Paula Bustos (Center for Research in International Economics) presented on the effects of increases in agricultural productivity in Brazil. She found that the effects of these productivity increases vary depending upon the underlying structure of the specific crop’s market. For example, the effects of productivity increases had significantly differing effects on the amount of labour employed and wages for the soy and maize industries. Part of the underlying reason for this is that these differing crops use different mixes of labour and capital inputs in their productions. Some are more heavily dependent on labour while others are more heavily dependent on capital input (e.g. machinery), which are their respective “factor biases”.
Lorenzo Casaburi (Stanford Institute for Economic Policy Research) presented a paper on road rehabilitation in Sierra Leone looking at the effects of improving the quality of roads on the prices found in local markets. The driving force behind this is the increased linkages between centres of trade as a result of easier travel and transport in between them. He highlighted that, based upon the observed behaviour in these market prices, there appears to be significant costs (“frictions”) associated with comparing prices in between various markets and shopping around. He therefore highlighted that policymakers should work to incentivize traders to visit multiple market centres regularly, allowing for easier comparisons between prices at separate markets. He also noted that improving the quality of these roads did not always lead to price decreases, and the direction of the resulting price movements actually depended upon the structure of the local market, especially with regards to the dynamics of trade between the nearby market centres.
Finally, the session moved onto a lively discussion about the Trade research programme going forward. There was a presentation where the programme’s priority areas were highlighted, which were: (i) product composition, (ii) externalities, (iii) evaluation of industrial policies, (iv) internal trade costs, (v) measurement, and (vi) the winners and losers of trade. In the discussion that ensued, many interesting topics were further raised, such as World Trade Organization (WTO) considerations, regional integration, the secondary effects of trade (e.g. the transfer of knowledge and processes between trading partners), the costs of trade, and various others.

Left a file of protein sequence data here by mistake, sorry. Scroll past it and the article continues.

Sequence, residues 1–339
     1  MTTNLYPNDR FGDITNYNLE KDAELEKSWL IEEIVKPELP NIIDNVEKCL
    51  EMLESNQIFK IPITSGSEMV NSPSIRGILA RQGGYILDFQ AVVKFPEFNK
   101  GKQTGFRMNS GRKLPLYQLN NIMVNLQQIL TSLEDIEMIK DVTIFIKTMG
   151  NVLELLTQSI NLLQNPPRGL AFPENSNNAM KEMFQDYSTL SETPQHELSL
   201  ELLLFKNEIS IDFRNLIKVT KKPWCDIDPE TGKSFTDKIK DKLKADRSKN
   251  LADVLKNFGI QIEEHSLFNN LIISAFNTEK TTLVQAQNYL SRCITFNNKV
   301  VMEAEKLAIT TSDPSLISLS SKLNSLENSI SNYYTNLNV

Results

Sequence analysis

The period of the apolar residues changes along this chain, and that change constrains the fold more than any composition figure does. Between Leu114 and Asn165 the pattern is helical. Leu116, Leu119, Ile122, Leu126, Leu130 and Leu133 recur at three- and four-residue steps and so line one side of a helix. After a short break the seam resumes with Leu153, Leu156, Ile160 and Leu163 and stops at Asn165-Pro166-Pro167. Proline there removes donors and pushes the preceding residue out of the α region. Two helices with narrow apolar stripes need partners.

Ideas for growth session 3: State Capabilities
Johannes Spinnewijn (LSE) kicked off the state capabilities session by presenting his findings from his paper, ‘Production vs Revenue Efficiency with limited Tax Capacity: Theory and Evidence from Pakistan’. His research paper highlighted that existing literature on optimal design of tax systems is not applicable for developing countries, where perfect tax enforcement does not exist. With enforcement gaps, tax evasion occurs and introduces a trade-off between production efficiency and revenue efficiency. In Pakistan, a minimum tax scheme was implemented where firms are taxed either on profits or turnover, whichever liability is larger, giving rise to a jump in tax rates and tax base at a certain threshold of profit. Exploring Pakistan’s administrative tax data, Spinnewijn found significant and real incentives for firms to bunch around the minimum tax discontinuity. Hence this paper argues that the large estimates of evasion responsiveness in Pakistan justify tax policy architecture that deviates from the productive efficient profit tax theory.
Oriana Bandiera (LSE) presented her research paper ‘Do gooders or doctors?’ which studies the optimal strategy to recruiting, motivating and retaining public agents, in the context of community health assistants (CHAs) in Zambia. There is severe shortage of health staff in Zambia and her research evolved directly from demands by the Ministry of Health to address this gap. She advertised for CHAs with 2 different advertisements – one to attract individuals interested in serving their local communities (community mission) and another designed to attract individuals interested in a career in the civil service (career mission). CHAs were trained centrally at the ministry, thereafter sent out to their local villages to be CHAs. Bandiera and her team found that CHAs hired under the advertisement of the community mission made 20% less visits to their communities, whilst a stronger performance was found by the CHAs recruited under a career mission. There were no differences in retention rates of both groups after the first year. Although there did not seem to be a trade-off empirically between community attachment and skill levels, Bandiera caveats that the community mission CHAs may perform better on unobservable aspects.